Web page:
Plants and other multicellular organisms need a precise spatio-temporal control of gene expression during their development, and to respond to changes in the environment and defend their genome. In part, this regulatory capacity resides at the RNA level through small RNA-directed gene silencing. MicroRNAs are one of the classes of small RNAs that have 21 nt and fulfill essential regulatory roles. They usually recognize target mRNAs by base complementarity and guide them to cleavage or translational arrest. Our laboratory is currently interested in the biogenesis of these small molecules and their specific functions in plants. The experimental approaches aim to address fundamental mechanistic questions using the model system Arabidopsis thaliana, but the lab also seeks to develop tools of practical relevance that can be applied to plants of agronomic importance.
Biogenesis of plant microRNAs
MicroRNAs are distinguished from other small RNAs by their unique biogenesis, which involves a precise excision from the stem of a fold-back precursor located in a long primary transcript. The type III ribonuclease DICER-LIKE1 (DCL1) with the aid of the accessory proteins cleaves the precursors to release the microRNAs. However, plant microRNA precursors come in different sizes and shapes, and we are interested in understanding how these precursors can be processed to generate the mature microRNAs. We have found that many precursors are processed in a base-to-loop direction, while others are processed by a non-canonical loop-to-base mechanism. We use a combination of approaches to study microRNA processing, including the analysis of libraries of random mutant precursors, the identification of processing intermediates with the aid of next generation sequencing techniques, as well as structural studies in collaboration with the groups of Jerome Boisbouvier and Rodolfo Rasia.
MicroRNA networks in plants
In plants, many of the evolutionary conserved miRNAs regulate transcription factors, which in turn play key biological functions. Perturbation of these miRNA regulatory networks, by mutations in microRNAs encoding genes or by interference with their activity usually causes severe developmental defects. We are interested in identifying the targets of plant microRNAs, as well as their biological functions. The lab also focuses in the control of cell proliferation and differentiation by two microRNAs, miR396 and miR319.
- Bologna NG, Schapire AL, Zhai J, Chorostecki U, Boisbouvier J, Meyers BC, Palatnik JF. (2013) Multiple RNA recognition patterns during microRNA biogenesis in plants. Genome Res. [Epub ahead of print]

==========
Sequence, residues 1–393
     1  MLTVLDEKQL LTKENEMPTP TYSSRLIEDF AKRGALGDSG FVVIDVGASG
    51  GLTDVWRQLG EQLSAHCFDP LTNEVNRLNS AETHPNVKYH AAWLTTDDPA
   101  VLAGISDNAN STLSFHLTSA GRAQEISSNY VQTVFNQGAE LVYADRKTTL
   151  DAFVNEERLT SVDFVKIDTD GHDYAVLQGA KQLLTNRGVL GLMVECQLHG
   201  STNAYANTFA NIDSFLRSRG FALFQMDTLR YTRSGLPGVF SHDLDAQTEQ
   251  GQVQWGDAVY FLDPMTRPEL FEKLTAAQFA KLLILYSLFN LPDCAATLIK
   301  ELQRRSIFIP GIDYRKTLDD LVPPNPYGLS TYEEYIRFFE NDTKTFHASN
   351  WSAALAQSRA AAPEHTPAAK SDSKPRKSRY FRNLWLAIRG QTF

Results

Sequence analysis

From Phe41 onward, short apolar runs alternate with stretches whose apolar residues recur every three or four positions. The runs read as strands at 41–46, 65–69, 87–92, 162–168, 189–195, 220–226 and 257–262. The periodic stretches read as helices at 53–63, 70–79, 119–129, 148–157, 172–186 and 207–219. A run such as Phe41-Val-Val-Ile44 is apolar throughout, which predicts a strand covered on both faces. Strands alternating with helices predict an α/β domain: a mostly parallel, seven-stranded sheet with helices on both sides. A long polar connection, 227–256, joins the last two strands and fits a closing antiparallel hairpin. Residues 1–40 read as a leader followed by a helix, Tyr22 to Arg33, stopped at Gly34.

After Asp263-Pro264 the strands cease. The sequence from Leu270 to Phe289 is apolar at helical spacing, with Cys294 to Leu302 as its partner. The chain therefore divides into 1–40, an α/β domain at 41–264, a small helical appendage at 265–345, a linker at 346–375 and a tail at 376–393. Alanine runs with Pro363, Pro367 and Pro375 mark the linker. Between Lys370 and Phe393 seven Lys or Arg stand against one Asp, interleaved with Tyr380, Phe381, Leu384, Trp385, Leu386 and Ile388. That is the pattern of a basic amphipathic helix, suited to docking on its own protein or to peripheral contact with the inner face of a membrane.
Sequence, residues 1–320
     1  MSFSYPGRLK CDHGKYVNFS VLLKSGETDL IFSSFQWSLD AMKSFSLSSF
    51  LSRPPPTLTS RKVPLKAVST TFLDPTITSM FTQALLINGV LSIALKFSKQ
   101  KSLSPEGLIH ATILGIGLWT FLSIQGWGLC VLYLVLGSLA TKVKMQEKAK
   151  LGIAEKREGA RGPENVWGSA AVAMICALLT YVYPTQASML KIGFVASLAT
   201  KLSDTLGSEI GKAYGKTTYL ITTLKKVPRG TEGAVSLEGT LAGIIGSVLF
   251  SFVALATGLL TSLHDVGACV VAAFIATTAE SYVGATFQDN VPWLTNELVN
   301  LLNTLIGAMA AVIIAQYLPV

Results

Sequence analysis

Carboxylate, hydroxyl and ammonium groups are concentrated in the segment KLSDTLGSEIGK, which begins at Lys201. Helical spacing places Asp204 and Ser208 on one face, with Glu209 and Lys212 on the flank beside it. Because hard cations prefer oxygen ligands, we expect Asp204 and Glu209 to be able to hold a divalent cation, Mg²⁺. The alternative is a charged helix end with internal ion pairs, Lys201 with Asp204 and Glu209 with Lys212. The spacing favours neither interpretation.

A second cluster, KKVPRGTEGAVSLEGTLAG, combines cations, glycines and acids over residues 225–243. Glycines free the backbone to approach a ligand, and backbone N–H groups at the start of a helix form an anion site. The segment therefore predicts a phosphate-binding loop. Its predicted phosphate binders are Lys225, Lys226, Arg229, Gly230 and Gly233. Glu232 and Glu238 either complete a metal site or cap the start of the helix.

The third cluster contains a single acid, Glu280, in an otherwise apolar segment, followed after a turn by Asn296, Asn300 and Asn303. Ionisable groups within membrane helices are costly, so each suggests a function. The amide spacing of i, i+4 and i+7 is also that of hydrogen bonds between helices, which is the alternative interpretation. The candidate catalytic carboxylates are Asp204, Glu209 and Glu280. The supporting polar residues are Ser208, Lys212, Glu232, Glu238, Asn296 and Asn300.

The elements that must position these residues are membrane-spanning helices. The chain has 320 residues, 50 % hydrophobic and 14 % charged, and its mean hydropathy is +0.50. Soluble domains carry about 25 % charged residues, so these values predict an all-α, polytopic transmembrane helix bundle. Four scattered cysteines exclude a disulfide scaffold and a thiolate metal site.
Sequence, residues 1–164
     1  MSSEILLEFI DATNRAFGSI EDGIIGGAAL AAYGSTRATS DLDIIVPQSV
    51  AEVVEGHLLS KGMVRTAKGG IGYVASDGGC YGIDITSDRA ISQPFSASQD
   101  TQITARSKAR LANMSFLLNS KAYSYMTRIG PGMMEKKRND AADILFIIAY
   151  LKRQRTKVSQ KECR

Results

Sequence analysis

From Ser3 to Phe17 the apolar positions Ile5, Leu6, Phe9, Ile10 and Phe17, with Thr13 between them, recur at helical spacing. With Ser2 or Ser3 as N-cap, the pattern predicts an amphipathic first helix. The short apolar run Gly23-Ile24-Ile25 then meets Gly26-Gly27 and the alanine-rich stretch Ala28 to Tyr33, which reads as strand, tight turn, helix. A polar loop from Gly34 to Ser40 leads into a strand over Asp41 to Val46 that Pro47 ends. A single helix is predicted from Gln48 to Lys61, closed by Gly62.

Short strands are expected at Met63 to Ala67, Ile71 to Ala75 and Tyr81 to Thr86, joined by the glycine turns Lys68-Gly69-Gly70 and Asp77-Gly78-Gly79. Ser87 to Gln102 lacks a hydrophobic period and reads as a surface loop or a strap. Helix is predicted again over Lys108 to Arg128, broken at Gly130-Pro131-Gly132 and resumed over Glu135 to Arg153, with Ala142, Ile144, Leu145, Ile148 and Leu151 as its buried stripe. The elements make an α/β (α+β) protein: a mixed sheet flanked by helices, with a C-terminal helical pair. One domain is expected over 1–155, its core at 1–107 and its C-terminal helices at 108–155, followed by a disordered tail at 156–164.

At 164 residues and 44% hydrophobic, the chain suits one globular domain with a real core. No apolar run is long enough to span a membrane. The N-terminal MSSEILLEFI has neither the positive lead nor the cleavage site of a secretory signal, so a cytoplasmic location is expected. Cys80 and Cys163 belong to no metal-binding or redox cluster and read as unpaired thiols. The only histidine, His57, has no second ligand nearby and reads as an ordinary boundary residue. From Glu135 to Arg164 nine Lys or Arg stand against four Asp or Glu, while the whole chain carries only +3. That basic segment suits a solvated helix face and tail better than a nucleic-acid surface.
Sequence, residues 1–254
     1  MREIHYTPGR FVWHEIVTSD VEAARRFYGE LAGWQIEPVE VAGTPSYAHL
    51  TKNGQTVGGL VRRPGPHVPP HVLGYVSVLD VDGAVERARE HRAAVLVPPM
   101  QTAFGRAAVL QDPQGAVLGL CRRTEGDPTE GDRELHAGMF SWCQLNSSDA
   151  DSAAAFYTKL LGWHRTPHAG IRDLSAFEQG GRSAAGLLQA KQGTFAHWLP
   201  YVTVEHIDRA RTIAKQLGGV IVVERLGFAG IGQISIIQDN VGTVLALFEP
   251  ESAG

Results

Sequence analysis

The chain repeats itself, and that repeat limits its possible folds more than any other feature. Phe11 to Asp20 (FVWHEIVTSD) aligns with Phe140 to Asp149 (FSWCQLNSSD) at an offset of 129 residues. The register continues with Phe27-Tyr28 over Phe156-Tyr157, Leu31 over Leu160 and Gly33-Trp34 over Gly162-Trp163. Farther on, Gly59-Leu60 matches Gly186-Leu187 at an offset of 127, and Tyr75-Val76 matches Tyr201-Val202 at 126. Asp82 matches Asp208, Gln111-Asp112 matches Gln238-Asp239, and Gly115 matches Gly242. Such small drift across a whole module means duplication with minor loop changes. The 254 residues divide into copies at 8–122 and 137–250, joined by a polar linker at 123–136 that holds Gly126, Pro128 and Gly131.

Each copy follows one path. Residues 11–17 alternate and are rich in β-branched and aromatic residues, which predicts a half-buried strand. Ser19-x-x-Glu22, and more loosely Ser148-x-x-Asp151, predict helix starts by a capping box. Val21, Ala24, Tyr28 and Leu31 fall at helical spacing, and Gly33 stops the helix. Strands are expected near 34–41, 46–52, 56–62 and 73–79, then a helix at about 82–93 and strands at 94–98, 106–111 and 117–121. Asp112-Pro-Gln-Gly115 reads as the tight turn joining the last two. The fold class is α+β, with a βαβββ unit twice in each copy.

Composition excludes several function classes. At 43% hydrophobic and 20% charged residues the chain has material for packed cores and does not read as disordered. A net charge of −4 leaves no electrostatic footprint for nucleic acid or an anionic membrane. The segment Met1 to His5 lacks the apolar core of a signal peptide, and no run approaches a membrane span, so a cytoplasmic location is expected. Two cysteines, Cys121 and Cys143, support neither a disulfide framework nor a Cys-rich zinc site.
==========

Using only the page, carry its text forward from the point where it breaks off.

- Chorostecki U, Crosa VA, Lodeyro AF, Bologna NG, Martin AP, Carrillo N, Schommer C, Palatnik JF. (2012) Identification of new microRNA-regulated genes by conserved targeting in plant species. Nucleic Acids Res.
- Debernardi, J.M., Rodriguez, R.E., Mecchia, M.A., Palatnik, J.F. (2012) Functional specialization of the plant miR396 regulatory network through distinct microRNA-Target interactions. PLoS Genetics 8, e1002419.
- Spinelli, S.V., Martin, A.P., Viola, I.L., Gonzalez, D.H., and Palatnik, J.F. (2011). A mechanistic link between STM and CUC1 during Arabidopsis development. Plant Physiol 156, 1894-1904.
- Mateos, J.L., Bologna, N.G., Chorostecki, U., Palatnik, J.F. (2010). Identification of microRNA processing determinants by random mutagenesis of Arabidopsis MIR172a precursor. Curr Biol 20, 49-54.
- Rodriguez, R.E., Mecchia, M.A., Debernardi, J.M., Schommer, C., Weigel, D., Palatnik, J.F. (2010). Control of cell proliferation in Arabidopsis thaliana by microRNA miR396. Development 137, 103-112.
- Bologna, N.G., Mateos, J.L., Bresso, E.G., Palatnik, J.F. (2009). A loop-to-base processing mechanism underlies the biogenesis of plant microRNAs miR319 and miR159. Embo J 28, 3646-3656.
- Schommer, C., Palatnik, J.F., Aggarwal, P., Chetelat, A., Cubas, P., Farmer, E.E., Nath, U., Weigel, D. (2008). Control of jasmonate biosynthesis and senescence by miR319 targets. PLoS Biol 6, e230.
- Howard Hughes Medical Institute (HHMI).
- Human Frontier Science Program (HFSP).
- Agencia Nacional de Promoción Científica y Tecnológica (ANPCyT).
- Consejo Nacional de Investigaciones Científicas y Técnicas (CONICET).
Phone: +54 341 4237070
Office Extension: 659
Laboratory Extension: 613
- Ramiro Rodriguez Virasoro
- Carla Schommer
- María Florencia Ercoli
- Belén Moro
- Matías Beltramino
- Ana Paula Perrone
- Antonela Ferela
- Camila Goldy
- Julia Baulies
- Arantxa Rojas
Desarrollamos nuevas metodologías por mutagénesis al azar para estudiar la biogénesis de microARNs en plantas.